Perhaps, but maybe not.
If anyone wants to pick holes in the following, be my guest. However, the broad numbers aren't that far off:
Cost (ex profit) for a 4 kW system right now, including all bit s and bobs and installation: £8,000
So cost/watt = £2
Expected life 25 years, I year has about 8,000 hours, and bright sunlight for about 1,000 of them.
So expected lifetime generation from 1 watt (peak) is about 25,000 watt-hours, or 25 kW hours.
So approximate cost per kW-Hr is about 8 pence per unit which is not ridiculously high.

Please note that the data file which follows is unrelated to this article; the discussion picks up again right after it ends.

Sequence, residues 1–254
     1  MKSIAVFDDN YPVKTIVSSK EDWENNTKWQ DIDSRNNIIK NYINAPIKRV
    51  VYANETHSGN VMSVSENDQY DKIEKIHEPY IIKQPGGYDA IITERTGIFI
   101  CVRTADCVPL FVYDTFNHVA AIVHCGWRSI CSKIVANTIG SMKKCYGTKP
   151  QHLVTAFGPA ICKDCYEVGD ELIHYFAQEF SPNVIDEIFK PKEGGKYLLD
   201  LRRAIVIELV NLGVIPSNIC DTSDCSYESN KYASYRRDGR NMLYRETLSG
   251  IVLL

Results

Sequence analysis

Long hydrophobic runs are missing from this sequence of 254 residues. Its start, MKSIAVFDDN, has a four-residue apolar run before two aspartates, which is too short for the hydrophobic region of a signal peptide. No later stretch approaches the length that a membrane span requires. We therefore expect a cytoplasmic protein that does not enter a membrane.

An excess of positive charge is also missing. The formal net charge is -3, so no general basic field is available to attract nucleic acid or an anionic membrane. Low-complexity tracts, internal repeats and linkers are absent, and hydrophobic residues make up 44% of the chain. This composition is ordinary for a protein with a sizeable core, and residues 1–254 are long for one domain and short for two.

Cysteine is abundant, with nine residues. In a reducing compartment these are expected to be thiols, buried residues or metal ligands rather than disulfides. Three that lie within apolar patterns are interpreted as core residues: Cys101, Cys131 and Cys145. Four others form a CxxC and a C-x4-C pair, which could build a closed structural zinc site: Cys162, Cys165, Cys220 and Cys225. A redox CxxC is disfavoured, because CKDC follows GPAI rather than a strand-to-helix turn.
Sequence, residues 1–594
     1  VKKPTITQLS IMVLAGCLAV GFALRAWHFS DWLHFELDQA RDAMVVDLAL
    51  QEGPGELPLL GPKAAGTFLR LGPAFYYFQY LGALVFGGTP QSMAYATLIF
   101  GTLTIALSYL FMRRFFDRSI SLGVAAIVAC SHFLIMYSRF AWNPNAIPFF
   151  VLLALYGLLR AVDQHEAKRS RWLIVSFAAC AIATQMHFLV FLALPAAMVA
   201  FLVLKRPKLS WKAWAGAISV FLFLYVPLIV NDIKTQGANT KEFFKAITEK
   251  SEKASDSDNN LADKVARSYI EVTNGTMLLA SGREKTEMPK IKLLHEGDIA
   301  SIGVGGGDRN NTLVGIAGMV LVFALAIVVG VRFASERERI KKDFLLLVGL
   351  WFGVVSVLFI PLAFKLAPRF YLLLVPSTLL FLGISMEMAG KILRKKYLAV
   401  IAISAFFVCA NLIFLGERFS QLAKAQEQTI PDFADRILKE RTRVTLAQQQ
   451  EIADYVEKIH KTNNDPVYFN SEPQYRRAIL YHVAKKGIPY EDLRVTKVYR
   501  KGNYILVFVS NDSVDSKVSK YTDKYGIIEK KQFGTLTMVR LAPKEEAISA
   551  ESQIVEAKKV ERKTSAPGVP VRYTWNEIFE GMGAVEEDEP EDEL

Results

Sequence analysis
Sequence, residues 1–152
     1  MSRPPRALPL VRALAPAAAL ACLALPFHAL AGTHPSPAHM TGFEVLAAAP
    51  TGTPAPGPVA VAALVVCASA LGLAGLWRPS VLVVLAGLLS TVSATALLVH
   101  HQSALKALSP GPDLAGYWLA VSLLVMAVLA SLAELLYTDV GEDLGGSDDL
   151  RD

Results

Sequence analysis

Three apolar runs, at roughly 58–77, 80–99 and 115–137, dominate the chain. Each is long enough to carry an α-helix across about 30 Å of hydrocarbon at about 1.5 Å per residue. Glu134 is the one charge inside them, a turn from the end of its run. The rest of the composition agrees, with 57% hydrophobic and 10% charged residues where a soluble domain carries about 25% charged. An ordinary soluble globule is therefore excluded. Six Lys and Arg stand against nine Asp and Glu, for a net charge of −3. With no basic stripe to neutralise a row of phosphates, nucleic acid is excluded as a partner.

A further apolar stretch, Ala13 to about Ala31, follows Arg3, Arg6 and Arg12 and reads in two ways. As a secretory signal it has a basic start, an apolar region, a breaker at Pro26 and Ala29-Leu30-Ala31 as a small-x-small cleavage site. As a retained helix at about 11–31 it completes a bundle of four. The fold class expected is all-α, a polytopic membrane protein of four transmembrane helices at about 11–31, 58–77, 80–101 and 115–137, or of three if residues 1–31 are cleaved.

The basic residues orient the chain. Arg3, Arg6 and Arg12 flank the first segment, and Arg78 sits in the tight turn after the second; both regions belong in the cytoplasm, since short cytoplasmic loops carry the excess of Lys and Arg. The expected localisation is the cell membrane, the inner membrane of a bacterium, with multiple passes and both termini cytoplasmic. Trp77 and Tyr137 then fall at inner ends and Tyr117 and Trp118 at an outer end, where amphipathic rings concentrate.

This doesn't include the cost of borrowing capital, or the cost of the distribution network. Add in the former if you like, but building society returns are less than inflation, whereas electricity costs aren't. The network costs are interesting, because the nature of domestic 4 kW systems is that much of the power will be used by the owner's property, and much of what isn't is likely to be used nearby, which actually REDUCES demands on the distribution network, unlike concentrated wind farms for instance, which increase demands on the network strongly.